Back in July I took an adult education course in Black and White Darkroom Photography (which I’ve written about in some of my previous blogs).
I decided to take the course again from September because it was slightly longer (eight weeks rather than five) and I felt I’d be able to expand on knowledge from what I learnt in the original course.
One of the parts I have really enjoyed from doing the course is making the contact sheets. For some reason I love this process over actually enlarging a photo and making a larger print and have ended up spending the last few weeks of the course purely doing contact sheets from some of my existing black and white negatives.
Developing contact sheets has almost become second nature to me from working on a test strip to establishing the length of time the negatives need to be exposed under the enlarger.
Here is a contact sheet I originally developed back in July with some negatives that unfortunately had a light leak (please refer to my previous blog post about this).
The negatives were taken on my Pentax K1000 using Kodak Tmax 400 black and white film:
On this particular contact sheet I placed the negatives over the photographic paper and placed some glass on top to keep them nice and straight. My first rookie mistake was not placing the negatives in number order and also the first row of negatives are upside down.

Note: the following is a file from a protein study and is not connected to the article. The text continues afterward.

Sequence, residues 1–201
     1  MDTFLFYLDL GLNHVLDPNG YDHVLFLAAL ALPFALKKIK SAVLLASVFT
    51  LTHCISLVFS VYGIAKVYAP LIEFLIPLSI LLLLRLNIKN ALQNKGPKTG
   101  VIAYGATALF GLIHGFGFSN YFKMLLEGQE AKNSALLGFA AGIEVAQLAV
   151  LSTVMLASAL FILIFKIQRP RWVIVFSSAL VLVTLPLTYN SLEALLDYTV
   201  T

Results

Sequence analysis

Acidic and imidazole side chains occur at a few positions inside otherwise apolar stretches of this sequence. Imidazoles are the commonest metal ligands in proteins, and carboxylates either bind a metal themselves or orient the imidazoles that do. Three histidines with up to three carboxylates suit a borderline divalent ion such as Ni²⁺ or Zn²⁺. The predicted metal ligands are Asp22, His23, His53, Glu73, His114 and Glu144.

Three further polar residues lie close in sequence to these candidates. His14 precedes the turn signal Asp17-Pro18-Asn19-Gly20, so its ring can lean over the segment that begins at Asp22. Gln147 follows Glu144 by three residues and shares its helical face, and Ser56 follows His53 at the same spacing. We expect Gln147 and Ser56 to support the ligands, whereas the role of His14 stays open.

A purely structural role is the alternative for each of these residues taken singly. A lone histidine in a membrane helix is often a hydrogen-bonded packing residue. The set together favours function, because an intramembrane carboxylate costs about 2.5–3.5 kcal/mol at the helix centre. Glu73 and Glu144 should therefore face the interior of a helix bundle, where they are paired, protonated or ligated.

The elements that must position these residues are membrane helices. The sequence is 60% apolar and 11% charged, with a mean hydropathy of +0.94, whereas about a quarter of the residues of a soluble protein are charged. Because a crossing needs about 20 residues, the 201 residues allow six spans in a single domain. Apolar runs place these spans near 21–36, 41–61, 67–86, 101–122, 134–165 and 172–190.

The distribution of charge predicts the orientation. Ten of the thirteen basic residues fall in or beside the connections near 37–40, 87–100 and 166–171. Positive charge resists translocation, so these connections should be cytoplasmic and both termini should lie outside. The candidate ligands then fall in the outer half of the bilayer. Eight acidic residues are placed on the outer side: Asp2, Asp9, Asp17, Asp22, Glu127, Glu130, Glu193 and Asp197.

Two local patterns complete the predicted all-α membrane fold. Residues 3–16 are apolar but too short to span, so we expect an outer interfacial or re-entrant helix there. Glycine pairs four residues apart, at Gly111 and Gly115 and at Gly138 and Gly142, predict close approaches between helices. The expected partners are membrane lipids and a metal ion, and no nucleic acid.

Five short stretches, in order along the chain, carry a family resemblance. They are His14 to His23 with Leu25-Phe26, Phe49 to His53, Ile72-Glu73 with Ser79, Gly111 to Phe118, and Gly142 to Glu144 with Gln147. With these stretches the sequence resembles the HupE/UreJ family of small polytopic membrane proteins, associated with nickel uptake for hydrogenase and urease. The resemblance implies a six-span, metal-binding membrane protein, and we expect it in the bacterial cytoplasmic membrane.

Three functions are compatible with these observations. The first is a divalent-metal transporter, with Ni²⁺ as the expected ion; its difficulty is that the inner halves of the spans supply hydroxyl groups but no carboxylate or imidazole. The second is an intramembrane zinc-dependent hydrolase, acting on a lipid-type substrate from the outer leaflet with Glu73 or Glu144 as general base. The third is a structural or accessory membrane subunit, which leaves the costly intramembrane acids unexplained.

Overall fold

However, I had learnt from this mistake and was ready to do better in my current course. What was even better was my tutor introduced me to a really handy piece of darkroom photography equipment called a 35mm contact proof printer which is made by Paterson:
The reason he had suggested I use this was because the negatives I was trying to develop into a contact sheet were really curly and it was proving impossible to get them straight under a piece of glass.
In this current course I initially wanted to develop some black and white half frame negatives I had taken on my Olympus Pen FT camera using Cinestill BWXX film.
However, after doing the test strip and then using this device, to my disappointment I found the contact sheet came out really blurry:
After chatting to my tutor, I’d found I’d made yet another stupid mistake……I hadn’t shut the door of the contact proof printer properly, hence the blurry images.
I had to wait until the following week of my course to develop a couple more of the above contact sheets until I got the exposure I was happy with (as the first one was under exposed):
I absolutely love the Paterson Contact Proof Printer and for me, it’s the best and quickest way of developing my black and white negatives into a contact sheet.
I developed a further contact sheet from my black and white negatives I had taken on my Pentax K1000 camera using Kosmo Foto Mono 100 film and the Paterson Contact Proof Printer:
I’m hoping to develop another contact sheet in my lesson next week from another set of black and white negatives.